The decision of the High Court of Justice to reject several petitions against a law allowing one type of small rural community to screen applicants using an admissions committee is yet another expression of a worldview that prefers passivity to judicial activism, and whose leading practitioner is Supreme Court President Asher Grunis. This narrow 5-4 ruling by an expanded panel of justices is liable to have a chilling effect on the battle against various kinds of discrimination in Israel. Granted, the law’s drafters intended it to be used primarily to keep Arabs out of such intentional communities, which in Hebrew are called yishuvim kehilati’im, or community settlements. But the law will also affect other groups whose members are seen as threatening the rather homogenous social fabric of these communities.
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The admissions committee law, which was enacted in 2011, allows small communities in the Negev or the Galilee built on state lands to condition membership on the approval of a screening committee. Under the law, the committee may reject candidates deemed unsuitable to the “social life” or the “sociocultural fabric” of the community. In contrast to other discriminatory laws, which the state is responsible for carrying out, in this case the legislature placed the power to discriminate in the hands of ordinary citizens.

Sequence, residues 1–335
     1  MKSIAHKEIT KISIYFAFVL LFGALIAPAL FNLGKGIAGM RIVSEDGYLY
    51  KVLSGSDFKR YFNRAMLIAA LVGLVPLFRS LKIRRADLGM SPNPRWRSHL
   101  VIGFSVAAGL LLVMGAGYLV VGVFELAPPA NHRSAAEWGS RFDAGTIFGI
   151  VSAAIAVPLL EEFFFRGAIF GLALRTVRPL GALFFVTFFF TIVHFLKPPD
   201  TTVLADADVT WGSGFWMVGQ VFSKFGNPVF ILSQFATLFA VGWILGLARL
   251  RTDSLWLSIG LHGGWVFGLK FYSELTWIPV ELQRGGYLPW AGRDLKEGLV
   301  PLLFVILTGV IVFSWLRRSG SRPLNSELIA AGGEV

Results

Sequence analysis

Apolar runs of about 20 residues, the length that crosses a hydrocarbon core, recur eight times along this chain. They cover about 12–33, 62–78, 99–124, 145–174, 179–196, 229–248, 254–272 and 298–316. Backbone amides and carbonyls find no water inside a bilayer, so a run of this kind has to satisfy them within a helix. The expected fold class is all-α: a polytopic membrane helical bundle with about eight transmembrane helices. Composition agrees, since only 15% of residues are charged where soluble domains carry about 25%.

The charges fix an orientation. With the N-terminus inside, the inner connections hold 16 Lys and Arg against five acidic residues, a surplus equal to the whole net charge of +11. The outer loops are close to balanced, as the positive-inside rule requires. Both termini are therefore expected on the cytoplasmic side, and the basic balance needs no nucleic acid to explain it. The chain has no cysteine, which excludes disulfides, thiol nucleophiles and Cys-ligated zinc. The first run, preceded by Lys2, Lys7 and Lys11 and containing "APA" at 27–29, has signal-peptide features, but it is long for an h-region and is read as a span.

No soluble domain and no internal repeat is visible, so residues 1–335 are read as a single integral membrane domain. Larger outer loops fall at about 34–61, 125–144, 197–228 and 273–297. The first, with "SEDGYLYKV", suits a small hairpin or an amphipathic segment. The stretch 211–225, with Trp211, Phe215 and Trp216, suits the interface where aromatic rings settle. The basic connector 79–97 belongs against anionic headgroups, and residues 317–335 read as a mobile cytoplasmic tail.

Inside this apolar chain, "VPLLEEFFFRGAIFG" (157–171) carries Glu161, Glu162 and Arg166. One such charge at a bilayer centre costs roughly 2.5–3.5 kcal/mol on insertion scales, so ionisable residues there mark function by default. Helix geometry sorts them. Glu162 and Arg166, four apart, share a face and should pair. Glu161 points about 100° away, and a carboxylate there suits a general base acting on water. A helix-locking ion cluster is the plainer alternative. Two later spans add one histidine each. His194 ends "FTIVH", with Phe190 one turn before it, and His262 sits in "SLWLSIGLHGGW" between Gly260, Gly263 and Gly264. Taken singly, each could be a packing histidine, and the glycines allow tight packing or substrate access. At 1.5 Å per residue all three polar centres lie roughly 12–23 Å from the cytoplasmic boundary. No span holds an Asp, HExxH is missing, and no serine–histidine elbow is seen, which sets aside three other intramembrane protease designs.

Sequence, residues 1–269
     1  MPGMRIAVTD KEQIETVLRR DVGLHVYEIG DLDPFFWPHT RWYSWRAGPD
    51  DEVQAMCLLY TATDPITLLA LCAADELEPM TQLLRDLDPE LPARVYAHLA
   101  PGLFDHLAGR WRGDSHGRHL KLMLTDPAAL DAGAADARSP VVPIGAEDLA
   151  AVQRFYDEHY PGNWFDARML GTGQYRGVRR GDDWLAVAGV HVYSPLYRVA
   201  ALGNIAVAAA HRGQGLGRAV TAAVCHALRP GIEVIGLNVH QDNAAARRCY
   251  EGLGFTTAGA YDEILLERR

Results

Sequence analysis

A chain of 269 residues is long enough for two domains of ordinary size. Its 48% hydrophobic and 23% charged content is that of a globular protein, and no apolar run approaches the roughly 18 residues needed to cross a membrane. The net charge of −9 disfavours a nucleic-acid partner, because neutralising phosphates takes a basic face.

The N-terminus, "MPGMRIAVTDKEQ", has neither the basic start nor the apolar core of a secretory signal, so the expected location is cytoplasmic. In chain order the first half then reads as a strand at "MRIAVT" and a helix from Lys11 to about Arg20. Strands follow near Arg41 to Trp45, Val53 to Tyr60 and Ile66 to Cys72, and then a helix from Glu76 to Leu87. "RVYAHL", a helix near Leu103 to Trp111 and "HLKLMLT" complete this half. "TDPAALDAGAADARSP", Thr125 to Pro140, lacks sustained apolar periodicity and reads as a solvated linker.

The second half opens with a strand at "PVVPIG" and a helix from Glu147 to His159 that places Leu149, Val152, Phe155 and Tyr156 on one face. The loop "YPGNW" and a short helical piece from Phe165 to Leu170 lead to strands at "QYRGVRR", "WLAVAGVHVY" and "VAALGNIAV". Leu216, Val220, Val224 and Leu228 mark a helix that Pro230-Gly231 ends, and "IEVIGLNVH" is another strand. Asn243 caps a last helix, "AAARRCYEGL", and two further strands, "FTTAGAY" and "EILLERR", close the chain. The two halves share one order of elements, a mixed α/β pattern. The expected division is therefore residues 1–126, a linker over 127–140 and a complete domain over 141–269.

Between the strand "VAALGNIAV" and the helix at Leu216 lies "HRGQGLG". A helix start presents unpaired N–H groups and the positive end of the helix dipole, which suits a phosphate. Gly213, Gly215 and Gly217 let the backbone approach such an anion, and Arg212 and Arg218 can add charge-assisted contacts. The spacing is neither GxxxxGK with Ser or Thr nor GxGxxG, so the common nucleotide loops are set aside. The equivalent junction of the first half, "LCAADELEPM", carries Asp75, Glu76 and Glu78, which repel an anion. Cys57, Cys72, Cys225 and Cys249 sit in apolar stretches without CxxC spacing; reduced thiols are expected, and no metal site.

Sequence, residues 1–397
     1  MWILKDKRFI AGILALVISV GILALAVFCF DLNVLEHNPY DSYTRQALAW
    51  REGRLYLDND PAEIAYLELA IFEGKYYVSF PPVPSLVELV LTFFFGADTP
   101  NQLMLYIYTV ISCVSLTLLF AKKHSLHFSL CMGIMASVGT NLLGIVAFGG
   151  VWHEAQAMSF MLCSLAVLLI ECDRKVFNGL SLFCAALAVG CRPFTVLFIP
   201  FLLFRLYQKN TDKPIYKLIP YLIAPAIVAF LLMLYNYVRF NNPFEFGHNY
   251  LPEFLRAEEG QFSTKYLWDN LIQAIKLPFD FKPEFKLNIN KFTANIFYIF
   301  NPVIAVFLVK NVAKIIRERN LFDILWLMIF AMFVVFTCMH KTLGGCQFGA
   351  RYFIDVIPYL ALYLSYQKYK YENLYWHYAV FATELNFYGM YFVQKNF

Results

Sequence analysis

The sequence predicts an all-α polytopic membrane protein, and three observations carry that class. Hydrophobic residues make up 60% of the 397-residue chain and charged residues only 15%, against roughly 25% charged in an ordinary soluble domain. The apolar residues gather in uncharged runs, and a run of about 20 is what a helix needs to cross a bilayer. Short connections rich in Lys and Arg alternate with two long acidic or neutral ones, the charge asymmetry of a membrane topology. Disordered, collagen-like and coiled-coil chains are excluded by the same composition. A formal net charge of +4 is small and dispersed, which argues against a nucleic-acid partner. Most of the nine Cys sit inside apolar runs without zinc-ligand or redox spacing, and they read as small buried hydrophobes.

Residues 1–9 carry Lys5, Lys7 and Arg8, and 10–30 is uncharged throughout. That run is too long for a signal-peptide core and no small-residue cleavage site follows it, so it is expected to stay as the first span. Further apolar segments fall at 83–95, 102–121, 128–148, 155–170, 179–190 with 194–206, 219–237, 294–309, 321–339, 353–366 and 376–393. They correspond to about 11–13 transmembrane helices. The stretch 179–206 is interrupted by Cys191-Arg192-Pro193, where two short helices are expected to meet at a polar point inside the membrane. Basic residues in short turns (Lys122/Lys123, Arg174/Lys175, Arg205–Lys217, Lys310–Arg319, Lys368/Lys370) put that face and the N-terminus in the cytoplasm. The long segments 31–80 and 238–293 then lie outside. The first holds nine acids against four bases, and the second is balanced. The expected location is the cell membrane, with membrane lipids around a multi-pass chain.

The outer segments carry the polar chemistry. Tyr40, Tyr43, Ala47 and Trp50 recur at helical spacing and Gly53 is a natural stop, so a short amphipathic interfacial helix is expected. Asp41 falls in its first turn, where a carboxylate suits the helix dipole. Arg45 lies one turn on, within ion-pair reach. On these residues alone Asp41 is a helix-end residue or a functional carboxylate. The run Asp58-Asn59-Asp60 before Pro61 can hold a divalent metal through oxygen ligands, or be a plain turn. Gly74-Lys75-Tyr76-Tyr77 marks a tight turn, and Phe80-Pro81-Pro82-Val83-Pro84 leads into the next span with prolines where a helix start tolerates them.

According to Grunis, it is too early to know how the law will be applied in practice, and therefore, the arguments raised in the petitions are “hypothetical and theoretical claims.” But Justice Salim Joubran, writing for the minority, wrote that the admissions committees are nothing but “a mechanism for enshrining and perpetuating a discriminatory situation.”
Admissions committees in community settlements rejected undesirable applicants, mainly Arabs, even before the law went into effect, and judging from a few recent incidents very little has changed. The protections that were added to the law are insufficient to ensure that vague admissions criteria will not be used to perpetrate unacceptable discrimination. But the deeper problem pertains to the very existence of such a screening mechanism.
In his ruling, Grunis noted that “At present, the court does not have a sufficient factual basis for a decision.” It must be hoped that future petitioners will return to the court in order to examine the validity of the law in practice, and that yishuvim kehilati’im will eschew discrimination in creating an appropriate composition in these communities.